The U.S. Supreme Court has refused to consider a request by Christian groups on a college campus to allow them to limit membership based on religious beliefs.
Justices turned back a legal effort by a Christian fraternity and sorority at San Diego State University that challenged an anti-discrimination policy at California state universities.
The lawsuit filed in 2005 said the plaintiffs should be allowed to insist members follow their religious standards of conduct and avoid sex outside of marriage between a man and woman.
Susan Westover, head of the California State University system’s litigation unit, welcomed the Supreme Court decision.
“We don’t want our students to discriminate, just like we don’t want our employees to discriminate,” she said.
The Alliance Defense Fund, based on Scottsdale, Ariz., argued the case for the groups, David Cortman, senior counsel for the fund, said San Diego State will “remain a stronghold of censorship” as a result of the court decision.
The Alpha Gamma Omega-Epsilon Chapter fraternity and the Alpha Delta Chi-Delta Chapter sorority continue to exist but have struggled.
Refusing to go along with the school’s nondiscrimination policy made the groups ineligible for a host of privileges such as getting student funding, posting signs on campus, reserving office and meeting space, using the school name or mascot and promoting themselves on the university website.
With the decision, the justices let stand a federal appeals court ruling that found San Diego State University’s nondiscrimination policy doesn’t violate the Constitution.
The decision to stay out of the case avoids revisiting questions that resulted in a 2010 decision that said a law school can deny recognition to a Christian student group that wouldn’t let gays join. An ideologically split Supreme Court ruled then that University of California’s Hastings College of the Law could refuse to recognize campus groups that excluded people due to religious belief or sexual orientation.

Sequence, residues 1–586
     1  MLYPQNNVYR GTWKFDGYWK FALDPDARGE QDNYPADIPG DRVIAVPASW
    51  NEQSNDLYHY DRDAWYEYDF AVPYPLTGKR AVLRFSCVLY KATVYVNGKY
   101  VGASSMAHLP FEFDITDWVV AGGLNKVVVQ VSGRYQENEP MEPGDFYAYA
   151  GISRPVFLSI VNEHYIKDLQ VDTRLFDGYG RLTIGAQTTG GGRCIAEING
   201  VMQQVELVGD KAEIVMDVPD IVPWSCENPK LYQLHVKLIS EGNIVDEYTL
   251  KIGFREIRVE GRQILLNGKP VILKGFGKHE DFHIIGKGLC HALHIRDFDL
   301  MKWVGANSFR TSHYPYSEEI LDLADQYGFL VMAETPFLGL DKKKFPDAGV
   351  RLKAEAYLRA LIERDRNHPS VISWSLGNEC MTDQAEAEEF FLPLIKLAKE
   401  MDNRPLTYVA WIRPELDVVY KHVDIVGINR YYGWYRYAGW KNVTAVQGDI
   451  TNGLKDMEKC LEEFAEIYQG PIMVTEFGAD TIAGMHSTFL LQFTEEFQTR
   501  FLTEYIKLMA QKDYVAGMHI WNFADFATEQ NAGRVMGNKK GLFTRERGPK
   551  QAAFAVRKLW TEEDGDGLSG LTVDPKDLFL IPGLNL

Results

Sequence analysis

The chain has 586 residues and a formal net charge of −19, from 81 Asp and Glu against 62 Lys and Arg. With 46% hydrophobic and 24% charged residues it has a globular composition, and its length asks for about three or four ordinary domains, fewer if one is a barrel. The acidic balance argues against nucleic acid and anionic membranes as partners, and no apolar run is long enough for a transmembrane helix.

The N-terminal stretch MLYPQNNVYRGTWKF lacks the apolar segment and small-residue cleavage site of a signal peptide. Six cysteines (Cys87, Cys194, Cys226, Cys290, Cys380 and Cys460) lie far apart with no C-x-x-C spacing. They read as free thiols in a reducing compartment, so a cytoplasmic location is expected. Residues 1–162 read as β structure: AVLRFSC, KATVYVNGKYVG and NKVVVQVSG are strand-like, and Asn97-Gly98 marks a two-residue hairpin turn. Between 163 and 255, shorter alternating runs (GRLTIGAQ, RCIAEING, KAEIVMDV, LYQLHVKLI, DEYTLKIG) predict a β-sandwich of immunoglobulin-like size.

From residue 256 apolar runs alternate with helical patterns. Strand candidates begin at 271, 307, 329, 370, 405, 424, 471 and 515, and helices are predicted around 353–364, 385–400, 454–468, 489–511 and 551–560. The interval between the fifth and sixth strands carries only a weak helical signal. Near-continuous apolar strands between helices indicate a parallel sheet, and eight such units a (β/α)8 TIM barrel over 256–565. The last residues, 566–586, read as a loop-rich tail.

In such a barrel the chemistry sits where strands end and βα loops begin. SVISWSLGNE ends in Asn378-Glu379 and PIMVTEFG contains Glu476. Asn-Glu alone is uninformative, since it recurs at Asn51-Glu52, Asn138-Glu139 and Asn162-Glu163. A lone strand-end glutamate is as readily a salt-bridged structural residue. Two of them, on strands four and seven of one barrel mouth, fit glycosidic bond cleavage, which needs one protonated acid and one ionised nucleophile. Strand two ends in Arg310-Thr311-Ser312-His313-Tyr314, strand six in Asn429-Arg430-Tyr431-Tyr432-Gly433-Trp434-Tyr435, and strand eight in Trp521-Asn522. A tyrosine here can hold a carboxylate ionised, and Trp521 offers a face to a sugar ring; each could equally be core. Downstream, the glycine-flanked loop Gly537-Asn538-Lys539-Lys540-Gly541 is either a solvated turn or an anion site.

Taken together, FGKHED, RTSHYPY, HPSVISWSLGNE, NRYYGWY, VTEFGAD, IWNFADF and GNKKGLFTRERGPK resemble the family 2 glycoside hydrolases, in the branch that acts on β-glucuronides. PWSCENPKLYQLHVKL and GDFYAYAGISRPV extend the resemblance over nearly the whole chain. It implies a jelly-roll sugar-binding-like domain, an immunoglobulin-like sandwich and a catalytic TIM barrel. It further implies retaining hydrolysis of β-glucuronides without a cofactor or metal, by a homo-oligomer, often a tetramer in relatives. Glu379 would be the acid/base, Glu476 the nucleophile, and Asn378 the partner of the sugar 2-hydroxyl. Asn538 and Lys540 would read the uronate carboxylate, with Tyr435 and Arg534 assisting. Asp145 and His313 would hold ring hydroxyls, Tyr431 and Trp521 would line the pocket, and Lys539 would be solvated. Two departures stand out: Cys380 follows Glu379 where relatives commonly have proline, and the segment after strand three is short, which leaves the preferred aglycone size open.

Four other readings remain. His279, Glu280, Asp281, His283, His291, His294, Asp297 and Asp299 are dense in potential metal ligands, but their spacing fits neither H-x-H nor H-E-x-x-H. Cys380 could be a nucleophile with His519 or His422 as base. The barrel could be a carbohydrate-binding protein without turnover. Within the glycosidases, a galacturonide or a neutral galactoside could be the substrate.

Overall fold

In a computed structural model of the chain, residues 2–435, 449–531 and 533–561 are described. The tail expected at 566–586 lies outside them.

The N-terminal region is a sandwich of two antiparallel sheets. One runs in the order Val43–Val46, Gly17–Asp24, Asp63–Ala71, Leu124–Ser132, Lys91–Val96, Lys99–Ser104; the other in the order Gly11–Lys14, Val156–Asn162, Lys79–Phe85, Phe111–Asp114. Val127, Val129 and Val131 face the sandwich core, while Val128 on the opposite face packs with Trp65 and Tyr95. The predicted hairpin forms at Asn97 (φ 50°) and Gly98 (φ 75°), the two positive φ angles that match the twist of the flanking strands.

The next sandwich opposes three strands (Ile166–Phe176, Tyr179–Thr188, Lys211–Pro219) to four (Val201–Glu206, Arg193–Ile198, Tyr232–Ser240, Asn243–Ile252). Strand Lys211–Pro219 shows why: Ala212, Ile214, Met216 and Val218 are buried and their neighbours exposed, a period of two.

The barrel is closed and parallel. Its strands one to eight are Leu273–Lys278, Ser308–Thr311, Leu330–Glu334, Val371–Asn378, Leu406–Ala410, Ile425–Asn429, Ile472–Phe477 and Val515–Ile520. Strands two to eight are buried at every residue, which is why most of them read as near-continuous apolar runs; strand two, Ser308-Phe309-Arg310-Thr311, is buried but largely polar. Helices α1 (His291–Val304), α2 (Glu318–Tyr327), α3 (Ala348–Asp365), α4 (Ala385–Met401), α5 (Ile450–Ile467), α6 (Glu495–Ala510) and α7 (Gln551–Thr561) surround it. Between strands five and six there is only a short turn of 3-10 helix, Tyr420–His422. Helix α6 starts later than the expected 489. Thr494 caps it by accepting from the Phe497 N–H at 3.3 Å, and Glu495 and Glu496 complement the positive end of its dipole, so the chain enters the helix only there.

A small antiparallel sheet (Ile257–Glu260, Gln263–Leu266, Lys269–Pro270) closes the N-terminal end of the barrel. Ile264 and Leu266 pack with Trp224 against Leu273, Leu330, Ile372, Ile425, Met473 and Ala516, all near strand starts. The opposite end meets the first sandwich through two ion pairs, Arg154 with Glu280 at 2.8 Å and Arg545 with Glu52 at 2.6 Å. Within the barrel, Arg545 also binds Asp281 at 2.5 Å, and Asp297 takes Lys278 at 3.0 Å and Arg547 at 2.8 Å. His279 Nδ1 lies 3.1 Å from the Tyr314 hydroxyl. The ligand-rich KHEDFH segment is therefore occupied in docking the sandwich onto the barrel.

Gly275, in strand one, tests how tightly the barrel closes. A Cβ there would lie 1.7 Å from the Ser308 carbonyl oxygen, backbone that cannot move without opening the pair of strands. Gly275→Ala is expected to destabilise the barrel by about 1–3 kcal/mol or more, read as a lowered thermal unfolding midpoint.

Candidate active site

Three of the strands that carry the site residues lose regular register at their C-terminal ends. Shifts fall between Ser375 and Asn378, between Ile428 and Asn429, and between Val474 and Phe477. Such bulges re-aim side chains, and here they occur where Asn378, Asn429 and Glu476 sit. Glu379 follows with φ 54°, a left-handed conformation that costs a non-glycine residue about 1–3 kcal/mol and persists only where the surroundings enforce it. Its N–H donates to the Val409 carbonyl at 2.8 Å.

In that case, the court on a 5-4 judgment upheld the lower court rulings saying a Christian group’s First Amendment rights of association, free speech and free exercise were not violated by the college’s nondiscrimination policy.
Several religious groups recognized by San Diego State also welcomed the Supreme Court’s decision to stay out of the 2010 case.
“I think it’s a great policy. I don’t think there should be any discrimination at all, in any way,” said Curtis Lester, 22, a fifth-year student and president of the Aztec Christian Association.
Lester said school recognition has been critical for his group. Along with being able to use the school mascot in its name, the Aztec Christian Association posted signs on campus for a meeting that drew about 80 people on campus.
Jayson Nicholson, assistant for the Agape House Lutheran Episcopal Campus Ministry at San Diego State, said recognition allowed that group to recruit students at a table during Welcome Week for new students and hold religious services on campus. He enthusiastically backs the school policy.
“I personally feel it is positive not to discriminate in any way, shape or form,” he said.
The case is Alpha Delta Chi-Delta Chapter v. Reed, 11-744.